When should I run? How fast? Will I faint? How do I pace myself? Do I need a Fitbit? ...Take a deep breath and relax! You may be new to running, but human bodies have been doing this since... well basically forever! So sit back and let us answer your questions about how to get started on your journey of becoming a runner!
1. I hear you need a running plan... how should I plan?
Take look at your schedule. When do you have a little free time? Morning? afternoon? evening? Whenever it is, plan to set aside some time for your running routine. Whether it's 15 minutes, 45 minutes, or longer, commit to to a time and day at least 3 times a week. Next, write it down! There's something to be said about putting pen to paper and its ability to help your subconscious commit to something more strongly than if you were to just plan for it mentally.
Hint: Even if you can only put in 10-15 minutes of running 3 times a week, you should start to notice some really great benefits, both mentally and physically. And if a 10 minute run scares the heck out of ya, you can always start with brisk walking or even just a lap around the block. We're all at different levels, so NEVER let that discourage you.
Now, don't jump right into it thinking that you'll be able to run a full marathon your first time around the block! Don't push yourself too far or too fast or you could end up injuring yourself and putting your new lifestyle as a runner on hold.
Try beginning with no more than 20 minute runs, at maximum 3 days out of the week. Once you get a hang of that and feel confident in your ability to finish your 20 minute run, try scaling up.
Another approach is to run in intervals. Start with 3 or 4 minutes running, and then walk for 1 minute. Then repeat until you hit your minute goal. Your stamina will increase over time and you'll soon be able to run more easily, and safely as your body should adapt.
And lastly, focus on time, not distance. The mileage will come, but focus on keeping yourself out there at whatever pace you have to and don't hurt yourself trying to finish a mile goal.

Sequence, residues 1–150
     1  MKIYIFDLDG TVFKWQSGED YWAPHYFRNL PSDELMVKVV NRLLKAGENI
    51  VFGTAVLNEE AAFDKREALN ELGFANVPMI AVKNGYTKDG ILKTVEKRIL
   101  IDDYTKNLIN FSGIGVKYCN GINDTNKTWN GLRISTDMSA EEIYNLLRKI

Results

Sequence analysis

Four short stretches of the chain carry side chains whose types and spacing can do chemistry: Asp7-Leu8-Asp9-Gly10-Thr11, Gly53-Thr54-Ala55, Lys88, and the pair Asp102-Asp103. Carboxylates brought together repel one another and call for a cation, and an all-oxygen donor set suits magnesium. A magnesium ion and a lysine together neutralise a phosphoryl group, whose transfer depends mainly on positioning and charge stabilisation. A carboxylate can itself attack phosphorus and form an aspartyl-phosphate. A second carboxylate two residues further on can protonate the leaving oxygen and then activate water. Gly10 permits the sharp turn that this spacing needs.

2. Do I need any kind of special equipment for running?
Unless your into the barefoot running movement, you'll certainly need a solid pair of running shoes. This is really the only absolutely essential gear to get started, but we do suggest some others to make your runs much more enjoyable and thus more successful. So, unless you find amusement in standing out as the guy or gal who runs in blue jeans or some other semi casual attire, some sort of fitness clothing is suggested : P
When first choosing your running shoes, we suggest heading to a running specialty store where they can analyze your foot striking and pick the best pair for your running style.
For women, we suggest investing in a properly fitting sports bra. You can find some really cool ones made out of special moisture wicking material that can help keep you from overheating and leave you a little more comfortable on your run.
To bring your essentials along with you we also highly recommend a running belt for iPhone, keys, wallet, and anything else that you may want to carry with you on your runs. If you're running somewhere that's not crowded, it's a very good idea to have your smart phone on you in case of a fall or anything else that may threaten your safety.
If you're looking for a high quality waterproof running belt for iphone 6 Plus and all other size phones, take a look at our Foot Forward Running Belt which eliminates bounce completely with adjustable waist band and secure, easy access, UltraFlex pouch that expands to fit more contents than other running belts on the market.
3. Will I get sore?
If you look to soreness as a positive sign of a good workout, then you'll be happy to hear that when you start out you'll certainly experience some sore leg and ab muscles.
However, if you dread soreness like nothing else, don't worry. You'll push past it and once your body gets more familiar with your routine, it will lessen more and more.